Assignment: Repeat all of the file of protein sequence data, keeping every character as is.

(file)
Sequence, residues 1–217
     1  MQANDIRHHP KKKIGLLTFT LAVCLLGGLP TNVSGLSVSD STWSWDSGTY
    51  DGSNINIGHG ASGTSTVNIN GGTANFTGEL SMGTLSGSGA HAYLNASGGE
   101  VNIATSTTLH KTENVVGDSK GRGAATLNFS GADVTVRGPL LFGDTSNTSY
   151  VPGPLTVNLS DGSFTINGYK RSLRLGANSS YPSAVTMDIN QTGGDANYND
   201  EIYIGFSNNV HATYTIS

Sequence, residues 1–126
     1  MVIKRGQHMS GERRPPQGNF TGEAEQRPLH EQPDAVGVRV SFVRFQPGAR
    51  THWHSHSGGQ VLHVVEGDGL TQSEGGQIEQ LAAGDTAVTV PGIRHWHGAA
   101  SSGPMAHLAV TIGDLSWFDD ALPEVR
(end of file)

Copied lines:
Sequence, residues 1–217
     1  MQANDIRHHP KKKIGLLTFT LAVCLLGGLP TNVSGLSVSD STWSWDSGTY
    51  DGSNINIGHG ASGTSTVNIN GGTANFTGEL SMGTLSGSGA HAYLNASGGE
   101  VNIATSTTLH KTENVVGDSK GRGAATLNFS GADVTVRGPL LFGDTSNTSY
   151  VPGPLTVNLS DGSFTINGYK RSLRLGANSS YPSAVTMDIN QTGGDANYND
   201  EIYIGFSNNV HATYTIS

Sequence, residues 1–126
     1  MVIKRGQHMS GERRPPQGNF TGEAEQRPLH EQPDAVGVRV SFVRFQPGAR
    51  THWHSHSGGQ VLHVVEGDGL TQSEGGQIEQ LAAGDTAVTV PGIRHWHGAA
   101  SSGPMAHLAV TIGDLSWFDD ALPEVR